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South African Government Denies Xenophobia Played Role In Man's Death


In South Africa, seven people were killed in recent violence against foreigners. One of those killings was captured by a photographer. The photos show a man being stabbed and beaten to death in broad daylight in Johannesburg. South Africa's president angered many by suggesting that the dead man, a Mozambican, was the victim of random crime, not xenophobia. NPR's Ofeibea Quist-Arcton reports.

OFEIBEA QUIST-ARCTON, BYLINE: The Johannesburg City Choir sings during an emotional memorial service in Johannesburg this week for Emmanuel Josias, a Mozambican known in South Africa as Emmanuel Sithole. He was killed during a spate of attacks against immigrants, the second major eruption of such violence in South Africa in seven years.


QUIST-ARCTON: Josias worked as a petty trader in sometimes-volatile Alexandra Township in northern Johannesburg, providing for his family in Mozambique and other relatives here, including his cousin, Veronica Sithole. Representing the family, the 26-year-old waitress spoke directly to her cousin's attackers.


VERONICA SITHOLE: Do you know who you have killed? You have killed Emmanuel Sithole. You have killed our brother. You have killed a prince. You have killed a son. You have killed a father. You have killed a hero. I say stop. Xenophobia, it hurts.

QUIST-ARCTON: During his Freedom Day speech on Monday, President Jacob Zuma condemned the killing, but suggested the Mozambican was not a victim of xenophobia.


JACOB ZUMA: Reports indicate that he used a false name to avoid detection by authorities, as he was an illegal immigrant. Manuel Josias was killed during a callous robbery.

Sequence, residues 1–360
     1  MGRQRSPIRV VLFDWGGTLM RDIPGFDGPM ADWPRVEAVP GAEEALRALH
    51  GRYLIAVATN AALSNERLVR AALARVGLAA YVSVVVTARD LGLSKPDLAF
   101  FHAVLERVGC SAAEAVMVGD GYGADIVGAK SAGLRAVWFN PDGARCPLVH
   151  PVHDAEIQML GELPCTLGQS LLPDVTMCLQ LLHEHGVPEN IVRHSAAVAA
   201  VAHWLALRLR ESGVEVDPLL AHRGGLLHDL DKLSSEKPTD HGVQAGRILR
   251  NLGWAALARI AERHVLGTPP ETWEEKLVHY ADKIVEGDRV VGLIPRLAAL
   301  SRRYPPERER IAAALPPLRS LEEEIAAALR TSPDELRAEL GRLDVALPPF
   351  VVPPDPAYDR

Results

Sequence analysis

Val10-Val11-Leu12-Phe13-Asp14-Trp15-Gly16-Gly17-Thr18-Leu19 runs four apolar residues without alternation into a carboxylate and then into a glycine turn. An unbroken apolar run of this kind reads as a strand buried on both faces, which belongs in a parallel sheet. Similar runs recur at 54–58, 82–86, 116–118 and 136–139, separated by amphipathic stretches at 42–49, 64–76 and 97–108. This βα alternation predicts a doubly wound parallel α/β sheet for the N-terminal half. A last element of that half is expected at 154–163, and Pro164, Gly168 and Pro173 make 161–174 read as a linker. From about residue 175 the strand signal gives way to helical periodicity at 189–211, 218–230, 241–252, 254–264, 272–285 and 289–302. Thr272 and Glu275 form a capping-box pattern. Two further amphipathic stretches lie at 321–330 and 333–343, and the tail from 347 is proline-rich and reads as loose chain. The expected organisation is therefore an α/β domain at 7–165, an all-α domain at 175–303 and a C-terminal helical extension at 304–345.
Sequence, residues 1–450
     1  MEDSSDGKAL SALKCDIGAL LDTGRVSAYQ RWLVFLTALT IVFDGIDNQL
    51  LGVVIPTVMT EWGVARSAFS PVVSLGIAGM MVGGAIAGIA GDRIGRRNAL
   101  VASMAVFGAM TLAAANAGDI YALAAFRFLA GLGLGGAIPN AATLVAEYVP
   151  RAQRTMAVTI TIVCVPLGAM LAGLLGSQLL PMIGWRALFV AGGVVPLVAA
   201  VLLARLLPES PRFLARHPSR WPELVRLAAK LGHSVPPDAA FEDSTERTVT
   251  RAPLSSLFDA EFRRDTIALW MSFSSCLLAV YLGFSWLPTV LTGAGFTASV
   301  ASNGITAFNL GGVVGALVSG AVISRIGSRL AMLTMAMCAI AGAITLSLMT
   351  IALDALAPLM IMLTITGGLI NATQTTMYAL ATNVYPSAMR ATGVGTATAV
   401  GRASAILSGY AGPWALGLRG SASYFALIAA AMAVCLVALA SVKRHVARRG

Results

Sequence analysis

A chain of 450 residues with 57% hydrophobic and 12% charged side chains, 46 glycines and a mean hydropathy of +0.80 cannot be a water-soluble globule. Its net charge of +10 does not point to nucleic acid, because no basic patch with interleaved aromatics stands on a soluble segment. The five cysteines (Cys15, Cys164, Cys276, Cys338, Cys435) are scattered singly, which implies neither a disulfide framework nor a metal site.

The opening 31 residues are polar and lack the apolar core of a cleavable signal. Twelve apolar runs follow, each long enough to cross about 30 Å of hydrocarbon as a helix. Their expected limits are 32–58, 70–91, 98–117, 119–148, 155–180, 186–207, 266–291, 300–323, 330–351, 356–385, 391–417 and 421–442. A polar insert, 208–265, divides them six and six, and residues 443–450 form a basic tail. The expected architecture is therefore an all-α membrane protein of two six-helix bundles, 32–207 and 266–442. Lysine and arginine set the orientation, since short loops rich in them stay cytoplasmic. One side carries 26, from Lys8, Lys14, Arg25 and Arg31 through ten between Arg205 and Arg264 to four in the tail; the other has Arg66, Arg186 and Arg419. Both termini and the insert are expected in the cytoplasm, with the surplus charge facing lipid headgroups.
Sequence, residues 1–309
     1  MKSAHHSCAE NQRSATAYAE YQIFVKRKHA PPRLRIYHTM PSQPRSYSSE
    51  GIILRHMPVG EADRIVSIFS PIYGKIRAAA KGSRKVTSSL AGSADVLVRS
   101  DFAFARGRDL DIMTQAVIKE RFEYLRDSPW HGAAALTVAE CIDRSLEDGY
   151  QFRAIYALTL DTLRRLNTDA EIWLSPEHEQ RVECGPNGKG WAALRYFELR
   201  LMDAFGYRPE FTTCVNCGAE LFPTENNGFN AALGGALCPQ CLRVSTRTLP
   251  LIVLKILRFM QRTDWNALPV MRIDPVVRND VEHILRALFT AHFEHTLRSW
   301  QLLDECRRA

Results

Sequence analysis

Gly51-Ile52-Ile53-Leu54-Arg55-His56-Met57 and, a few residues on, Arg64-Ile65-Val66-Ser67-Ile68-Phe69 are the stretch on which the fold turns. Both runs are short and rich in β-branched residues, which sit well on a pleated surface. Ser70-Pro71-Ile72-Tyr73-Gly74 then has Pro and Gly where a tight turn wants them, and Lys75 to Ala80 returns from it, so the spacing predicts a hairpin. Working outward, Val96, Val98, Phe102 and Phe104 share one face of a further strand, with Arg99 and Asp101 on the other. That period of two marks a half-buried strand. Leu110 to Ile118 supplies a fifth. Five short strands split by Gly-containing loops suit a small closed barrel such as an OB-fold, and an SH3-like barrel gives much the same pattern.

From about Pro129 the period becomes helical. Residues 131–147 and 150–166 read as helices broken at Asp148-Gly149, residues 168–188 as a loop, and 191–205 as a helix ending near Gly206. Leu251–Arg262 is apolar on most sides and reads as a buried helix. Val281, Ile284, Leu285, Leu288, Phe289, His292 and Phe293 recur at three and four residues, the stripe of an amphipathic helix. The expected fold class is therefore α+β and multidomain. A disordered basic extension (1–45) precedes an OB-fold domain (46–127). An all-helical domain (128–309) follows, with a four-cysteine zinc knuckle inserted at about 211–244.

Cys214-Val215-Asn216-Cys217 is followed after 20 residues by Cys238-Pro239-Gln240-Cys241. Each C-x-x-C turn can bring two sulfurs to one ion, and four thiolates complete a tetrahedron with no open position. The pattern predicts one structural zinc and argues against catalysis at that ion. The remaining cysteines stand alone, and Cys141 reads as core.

QUIST-ARCTON: What, people are asking, has the status of Josias, whether documented or undocumented, got to do with his killing? That it's one thing to be an illegal immigrant and another to be stabbed to death during another frenzy of violence against foreigners caught on camera.


GRACA MACHEL: Yes, it is xenophobic. I want to affirm that because there are people in this country who are asking whether these attacks are xenophobic or not. Yes, they are xenophobic.

QUIST-ARCTON: Graca Machel, Nelson Mandela's widow who is herself Mozambican and was once her country's first lady, was among those who attended the memorial for Josias. Describing herself as one of the most visible faces of a foreigner in South Africa, Machel was outspoken when she rose to address the gathering.


MACHEL: Today, the anger of South Africans expressed itself as if it's against foreigners. But tomorrow, it will be against South Africans themselves.

QUIST-ARCTON: Many impoverished South Africans are frustrated 21 years after the end of white-minority rule. South Africa has high unemployment and high levels of immigration from neighboring countries and beyond. Angry South Africans accuse the newcomers of taking their jobs, homes and amenities. And the president's remarks about Josias has sparked a debate about what classifies as xenophobia in South Africa. Mandela's Mozambican widow warns...


MACHEL: It is not going to go away until we address the root causes of all these problems - political, economic, social. We shouldn't be surprised if other eruption of these kind of things appear.


QUIST-ARCTON: Direct attacks on foreigners appear to have stopped, but thousands of people are still displaced in transit camps. Hundreds more have been bussed to their home countries across South Africa's borders. Ofeibea Quist-Arcton, NPR News, Johannesburg. Transcript provided by NPR, Copyright NPR.

Ofeibea Quist-Arcton
Ofeibea Quist-Arcton is an award-winning broadcaster from Ghana and is NPR's Africa Correspondent. She describes herself as a "jobbing journalist"—who's often on the hoof, reporting from somewhere.